In Obama’s World, Accountability Is Only for the Private Sector

Carol Platt Liebau
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Posted: Apr 06, 2009 12:00 AM

Just last week, in exchange for government assistance to General Motors, President Obama demanded – and received – the resignation of GM Chairman Rick Wagoner. Now, his Treasury Secretary is claiming the prerogative to oust bank executives. The idea? That receipt of taxpayer bailout money should be conditioned on a show of “accountability” on someone’s part.

The problem, of course, is that in President Obama’s world, accountability is only for the private sector. Governmental (or quasi-governmental) entities and those who work for them (and therefore, by extension, directly for the taxpayers) seem exempt from the standards imposed on those in private enterprise.

Look at Obama’s own budget. According to Michael Boskin, a Stanford economics professor who chaired the Council of Economic Advisors under President George H.W. Bush, just the additional government spending Obama seeks will add $6.5 trillion to the deficit, compared to a baseline budget containing none of his new programs. That comes out to a tax bill of $163,000 over the next ten years for every family paying income taxes. So even as President Obama forces the removal of GM’s chairman for effectively bankrupting his company, he’s proposing to bankrupt the country on an unprecedented scale.

But the hypocrisy doesn’t stop there. The President vociferously denounced the $165 million in bonuses distributed by AIG, a recipient of government bailout money. So far, however, he’s been suspiciously silent about the news that quasi-governmental mortgage giants Freddie Mac and Fannie Mae are slated to hand out $210 million in bonuses this year. This, notwithstanding their combined loss of over $100 billion last year, and Fannie’s request for $15 billion of taxpayer bailout money.

Even before he was elected, President Obama bemoaned the inequity of the pay differences between CEOs and workers. Nevertheless, he apparently has no objection to the fact that several members of his administration have profited handsomely from firms at the center of the financial crisis. For example, he has yet to call on economic advisor Larry Summers to return any of the $2.7 million in speaking fees he earned last year from Bank of America, JP Morgan and others, even though it’s a safe bet that Summers made more for one speech than some workers make in a year. And Obama himself – the second largest recipient of AIG campaign largesse – has so far failed to return a penny that was given to him.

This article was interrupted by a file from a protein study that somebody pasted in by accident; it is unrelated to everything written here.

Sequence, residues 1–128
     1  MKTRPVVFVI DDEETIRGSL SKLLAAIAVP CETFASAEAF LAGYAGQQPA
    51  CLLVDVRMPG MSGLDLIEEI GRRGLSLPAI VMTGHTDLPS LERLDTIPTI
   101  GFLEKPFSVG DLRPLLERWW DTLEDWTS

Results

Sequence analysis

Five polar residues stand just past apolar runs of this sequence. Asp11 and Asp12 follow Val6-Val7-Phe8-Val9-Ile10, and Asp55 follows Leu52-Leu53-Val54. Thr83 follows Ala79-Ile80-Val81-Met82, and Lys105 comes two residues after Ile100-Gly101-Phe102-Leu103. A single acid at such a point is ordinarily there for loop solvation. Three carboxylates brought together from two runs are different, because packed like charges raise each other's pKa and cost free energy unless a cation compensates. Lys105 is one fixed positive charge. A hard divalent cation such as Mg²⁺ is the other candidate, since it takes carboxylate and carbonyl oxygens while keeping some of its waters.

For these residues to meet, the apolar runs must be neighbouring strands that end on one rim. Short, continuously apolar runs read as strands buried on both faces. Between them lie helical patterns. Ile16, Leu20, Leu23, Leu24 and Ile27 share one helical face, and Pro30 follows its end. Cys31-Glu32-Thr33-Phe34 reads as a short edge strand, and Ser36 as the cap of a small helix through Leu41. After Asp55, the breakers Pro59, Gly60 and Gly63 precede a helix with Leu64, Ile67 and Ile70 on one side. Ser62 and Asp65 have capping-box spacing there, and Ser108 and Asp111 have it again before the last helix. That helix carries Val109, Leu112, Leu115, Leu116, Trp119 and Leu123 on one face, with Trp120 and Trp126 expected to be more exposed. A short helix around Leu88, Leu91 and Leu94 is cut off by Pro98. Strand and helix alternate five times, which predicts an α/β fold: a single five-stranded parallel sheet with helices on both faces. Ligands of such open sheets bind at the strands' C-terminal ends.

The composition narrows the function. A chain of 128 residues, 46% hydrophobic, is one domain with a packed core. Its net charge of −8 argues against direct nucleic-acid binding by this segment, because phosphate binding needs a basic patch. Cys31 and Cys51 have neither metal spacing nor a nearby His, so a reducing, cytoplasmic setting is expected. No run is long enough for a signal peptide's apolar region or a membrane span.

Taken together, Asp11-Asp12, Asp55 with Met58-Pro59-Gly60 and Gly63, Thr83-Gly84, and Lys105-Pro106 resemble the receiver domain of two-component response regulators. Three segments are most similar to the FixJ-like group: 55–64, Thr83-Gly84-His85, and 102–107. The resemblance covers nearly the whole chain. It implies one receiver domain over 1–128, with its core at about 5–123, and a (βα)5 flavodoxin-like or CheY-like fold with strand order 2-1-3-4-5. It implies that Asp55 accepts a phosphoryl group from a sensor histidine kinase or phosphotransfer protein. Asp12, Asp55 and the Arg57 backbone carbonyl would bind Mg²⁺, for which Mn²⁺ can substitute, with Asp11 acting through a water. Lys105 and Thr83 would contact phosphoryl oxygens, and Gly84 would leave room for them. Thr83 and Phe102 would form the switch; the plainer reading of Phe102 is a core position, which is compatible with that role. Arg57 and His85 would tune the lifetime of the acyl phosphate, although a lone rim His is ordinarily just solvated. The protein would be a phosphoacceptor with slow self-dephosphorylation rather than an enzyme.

President Obama likewise has pressed for a $500,000 cap on salaries of those heading bailed-out companies, whether or not they were responsible for the company’s problems. Yet his campaign sought out as an advisor Franklin Raines – the CEO of Fannie Mae who resigned in the shadow of a $6.3 billion accounting scandal, but nonetheless pocketed more than $50 million in bonuses. The Democrat-backed legislation designed to confiscate the infamous AIG bonuses leaves Raines and others like him untouched; the President has said nothing, despite his high-minded insistence that “[w]e’ve got to make certain that taxpayer funds are not subsidizing excessive compensation packages on Wall Street.” Well,

only on Wall Street, it seems.

So why does the President seem willing to hold private enterprise – and business leaders – to higher standards than the government and those who work in it? Does it signal that the President sees business as inherently less entitled to respect than government, and profit-seeking businessmen as inherently less noble than the government workers who (supposedly) want only to “help”? Certainly such a world-view would be entirely consistent with his wife’s admonition to young people on the campaign trail last year: “Don’t go into corporate America” – and even understandable for a 47-year-old man who has neither met a payroll himself nor been closely associated with anyone who has.

As the final irony, it’s recently been reported that President Obama is refusing to allow banks to repay their TARP funds. In other words, he’s declined to allow them to exercise the “accountability” he has rhetorically embraced. How dismaying. Could it be, after all, that President Obama’s objective isn’t so much to demand responsibility from the private sector than it is to strengthen the government’s control over it?